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Facebook Live exhibit at NAB draws interest from churches

Updated April 24, 2017 - 8:28 pm

There is a new way to spread the word of God — Facebook Live.

Church members seeking a professional way to stream their sermons were among the early visitors to the first-ever Facebook Live pavilion on Monday at the National Association of Broadcasters show at the Las Vegas Convention Center in Las Vegas, according to exhibitors.

Religious organizations are one of the top customers for Livestream, which offers polished solutions for live broadcasts on social networks. Livestream is one of 13 Facebook-recommended vendors taking part in the pavilion.

“Churches are trying to get their word out and, just like brands, they are now starting to do that via live video,’’ said Jeremiah Linder, a Livestream marketing director who showed off his company’s streaming products to three members of a church on Monday.

Kelan O’Connor, a support technician for LiveU, another Facebook Live solutions provider at the pavilion, also fielded questions from a church representative looking to broadcast sermons.

“Even funerals are being streamed now because elderly people can’t make it,’’ O’Connor said. ‘’People are coming up with events to stream that I never even thought of.’’

The world’s largest social media company has come under fire as some people use its live-streaming app to broadcast anger and crimes. Facebook should do more to remove such content, critics claim. Facebook could not be reached for comment.

Quality Streaming Needs

Facebook, which has 1.65 billion users, launched its live streaming app for selected individuals in 2015 before opening it to the general public just over a year ago. Several other companies, including Twitter, offer live streaming apps.

Live streaming has surged in popularity over the last few years as it allows an individual or brand to interact with their friends or followers in a more intimate way in real time.

Most people tend to live stream using while holding their smartphones or tablets. As a result, the quality is often bad due to hand shake, poor lighting or inaudible sound.

Companies such as radio stations or name brands, religious organizations and so-called influential social media personalities though are among those demanding professional quality streaming. That is driving new software and hardware solutions.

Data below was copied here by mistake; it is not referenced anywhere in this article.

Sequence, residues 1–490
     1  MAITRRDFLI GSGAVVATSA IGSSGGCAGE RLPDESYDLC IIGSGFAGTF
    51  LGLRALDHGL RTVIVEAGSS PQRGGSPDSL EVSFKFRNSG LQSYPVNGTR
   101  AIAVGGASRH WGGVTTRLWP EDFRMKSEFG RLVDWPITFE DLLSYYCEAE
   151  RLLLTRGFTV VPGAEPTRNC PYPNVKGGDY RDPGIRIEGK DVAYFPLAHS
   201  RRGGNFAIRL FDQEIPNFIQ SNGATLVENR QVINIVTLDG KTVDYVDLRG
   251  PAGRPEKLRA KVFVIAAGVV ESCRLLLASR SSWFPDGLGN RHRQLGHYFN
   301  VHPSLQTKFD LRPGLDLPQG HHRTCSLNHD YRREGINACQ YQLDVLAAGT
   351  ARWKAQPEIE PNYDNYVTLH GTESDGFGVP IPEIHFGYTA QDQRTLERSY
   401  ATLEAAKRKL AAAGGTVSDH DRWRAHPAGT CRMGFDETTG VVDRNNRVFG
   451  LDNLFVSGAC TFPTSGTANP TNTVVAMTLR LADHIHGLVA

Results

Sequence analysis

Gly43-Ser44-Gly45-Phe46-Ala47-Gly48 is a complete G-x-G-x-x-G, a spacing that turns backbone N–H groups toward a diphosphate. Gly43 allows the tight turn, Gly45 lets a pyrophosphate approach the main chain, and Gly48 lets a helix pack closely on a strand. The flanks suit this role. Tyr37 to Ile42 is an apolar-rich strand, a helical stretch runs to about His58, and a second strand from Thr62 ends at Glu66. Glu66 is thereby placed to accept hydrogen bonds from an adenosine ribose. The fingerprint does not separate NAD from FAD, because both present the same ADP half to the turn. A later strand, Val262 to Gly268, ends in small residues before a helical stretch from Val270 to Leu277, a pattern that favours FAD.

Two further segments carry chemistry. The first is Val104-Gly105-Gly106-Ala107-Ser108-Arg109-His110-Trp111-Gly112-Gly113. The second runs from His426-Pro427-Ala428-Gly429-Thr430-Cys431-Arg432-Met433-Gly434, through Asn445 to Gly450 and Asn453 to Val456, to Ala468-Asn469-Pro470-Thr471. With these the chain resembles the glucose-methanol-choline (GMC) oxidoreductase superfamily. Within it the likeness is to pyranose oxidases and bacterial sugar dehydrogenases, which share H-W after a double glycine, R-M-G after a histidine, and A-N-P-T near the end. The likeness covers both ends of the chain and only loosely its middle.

Gregory Markel, chief executive officer of digital marketing firm Infuse Creative, was among those scanning the software and hardware at the 13 kiosks in the Facebook Live pavilion.

Markel said he was searching for a solution for a new project that will use both traditional broadcasting and streaming.

MET effect

The Facebook Live pavilion underscores one of the key themes of this year’s NAB Show, namely how media, entertainment and technology (M.E.T. Effect) are converging to change the way people create and consume content, said Chris Brown, NAB Show executive vice president in charge of conventions and business operations.

“Facebook represents really all three of those things,” said Brown.

Silicon Valley giants like Amazon, Google and Microsoft are among the more than 1,700 companies exhibiting at NAB Show, the largest convention for the radio and television broadcast industries. Google is exhibiting for the first time.

“This was a great first step for Facebook to understand where the opportunities might be. We think (Facebook and Google) will be bigger and bigger participants in the future.”

More than 100,000 people are expected to visit NAB Show this year, making it the fourth largest expo in Las Vegas this year after CES, CONEXPO-CON/AGG and SEMA. The show is closed to the public.

Contact Todd Prince at tprince@reviewjournal.com or 702-383-0386. Follow @toddprincetv on Twitter.

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